The New Yorker has a long piece on the complicated world of art forgeries, “The Mark of a Masterpiece.” In it the author, David Grann observes,
When a forgery is exposed, people in the art world generally have the same reaction: how could anyone have been fooled by something so obviously phony, so artless? Few connoisseurs still think that Han van Meegeren’s paintings look at all like Vermeers, or even have any artistic value. Gorgers usually succeed not because they are so talented but, rather, because they provide, at a moment in time, exactly what others desperately want to see. Conjurers as much as copyists, they fulfill a wish or a fantasy. And so the inconsistencies – crooked signatures, uncharacteristic brushstrokes – are ignored or explained away.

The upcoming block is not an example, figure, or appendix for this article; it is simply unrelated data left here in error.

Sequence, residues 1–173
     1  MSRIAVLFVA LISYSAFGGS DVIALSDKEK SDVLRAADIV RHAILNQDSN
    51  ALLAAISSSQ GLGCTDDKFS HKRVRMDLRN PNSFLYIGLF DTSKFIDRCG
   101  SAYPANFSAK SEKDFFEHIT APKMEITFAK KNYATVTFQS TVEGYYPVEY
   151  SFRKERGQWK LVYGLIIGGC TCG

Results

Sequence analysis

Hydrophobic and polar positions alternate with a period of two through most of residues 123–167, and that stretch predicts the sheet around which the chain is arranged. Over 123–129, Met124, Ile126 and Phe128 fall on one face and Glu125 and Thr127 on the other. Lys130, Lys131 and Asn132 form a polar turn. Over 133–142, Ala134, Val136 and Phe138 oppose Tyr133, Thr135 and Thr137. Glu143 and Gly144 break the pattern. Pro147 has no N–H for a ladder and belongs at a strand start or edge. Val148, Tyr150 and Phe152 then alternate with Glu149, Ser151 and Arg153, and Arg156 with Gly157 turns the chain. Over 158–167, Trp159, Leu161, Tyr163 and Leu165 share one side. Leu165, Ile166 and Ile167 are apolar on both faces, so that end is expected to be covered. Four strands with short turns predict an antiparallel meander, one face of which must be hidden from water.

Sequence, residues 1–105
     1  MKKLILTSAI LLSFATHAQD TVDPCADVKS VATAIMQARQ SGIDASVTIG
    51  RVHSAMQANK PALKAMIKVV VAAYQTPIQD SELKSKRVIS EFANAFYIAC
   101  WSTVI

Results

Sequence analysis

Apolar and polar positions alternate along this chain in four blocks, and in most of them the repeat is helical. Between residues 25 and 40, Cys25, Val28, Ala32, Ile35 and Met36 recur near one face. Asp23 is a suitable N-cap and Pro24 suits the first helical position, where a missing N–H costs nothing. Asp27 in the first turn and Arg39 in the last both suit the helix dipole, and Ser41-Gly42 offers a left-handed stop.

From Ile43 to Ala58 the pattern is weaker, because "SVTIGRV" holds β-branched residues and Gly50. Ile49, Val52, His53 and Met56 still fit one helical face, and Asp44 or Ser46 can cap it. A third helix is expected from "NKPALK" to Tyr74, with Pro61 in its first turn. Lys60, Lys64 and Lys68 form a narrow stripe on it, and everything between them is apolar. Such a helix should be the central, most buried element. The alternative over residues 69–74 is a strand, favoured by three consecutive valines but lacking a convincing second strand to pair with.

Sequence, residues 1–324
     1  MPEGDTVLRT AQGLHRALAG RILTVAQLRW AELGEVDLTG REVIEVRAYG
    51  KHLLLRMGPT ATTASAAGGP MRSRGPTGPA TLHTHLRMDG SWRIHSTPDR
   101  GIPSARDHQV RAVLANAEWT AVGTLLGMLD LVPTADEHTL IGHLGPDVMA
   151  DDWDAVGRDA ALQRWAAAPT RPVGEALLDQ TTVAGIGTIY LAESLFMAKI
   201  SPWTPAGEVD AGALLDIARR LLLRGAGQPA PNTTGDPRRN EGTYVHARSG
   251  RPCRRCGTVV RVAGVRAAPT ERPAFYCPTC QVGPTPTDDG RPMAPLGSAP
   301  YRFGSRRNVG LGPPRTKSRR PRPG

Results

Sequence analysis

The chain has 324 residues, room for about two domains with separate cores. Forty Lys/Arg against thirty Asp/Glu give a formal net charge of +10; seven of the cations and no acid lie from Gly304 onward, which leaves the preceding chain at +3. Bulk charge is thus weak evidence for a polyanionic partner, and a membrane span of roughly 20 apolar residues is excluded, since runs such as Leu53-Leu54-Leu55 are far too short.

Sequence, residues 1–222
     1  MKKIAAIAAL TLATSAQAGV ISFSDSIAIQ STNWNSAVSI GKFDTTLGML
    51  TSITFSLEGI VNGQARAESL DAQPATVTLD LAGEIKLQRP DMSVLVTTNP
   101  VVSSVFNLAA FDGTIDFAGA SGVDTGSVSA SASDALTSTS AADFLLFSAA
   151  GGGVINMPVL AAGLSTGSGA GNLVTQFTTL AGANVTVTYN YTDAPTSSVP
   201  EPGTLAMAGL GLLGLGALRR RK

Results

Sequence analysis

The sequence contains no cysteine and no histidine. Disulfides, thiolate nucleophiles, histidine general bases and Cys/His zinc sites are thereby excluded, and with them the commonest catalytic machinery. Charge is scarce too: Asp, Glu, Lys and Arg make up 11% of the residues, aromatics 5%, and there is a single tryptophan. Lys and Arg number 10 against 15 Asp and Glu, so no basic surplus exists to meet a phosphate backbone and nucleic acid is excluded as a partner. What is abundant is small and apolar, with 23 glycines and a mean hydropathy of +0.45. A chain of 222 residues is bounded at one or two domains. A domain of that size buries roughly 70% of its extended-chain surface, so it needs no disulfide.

The art world parallels the religious world. What were people, including the pope, so desperate to see that they were taken in by such a transparent phony at Maciel?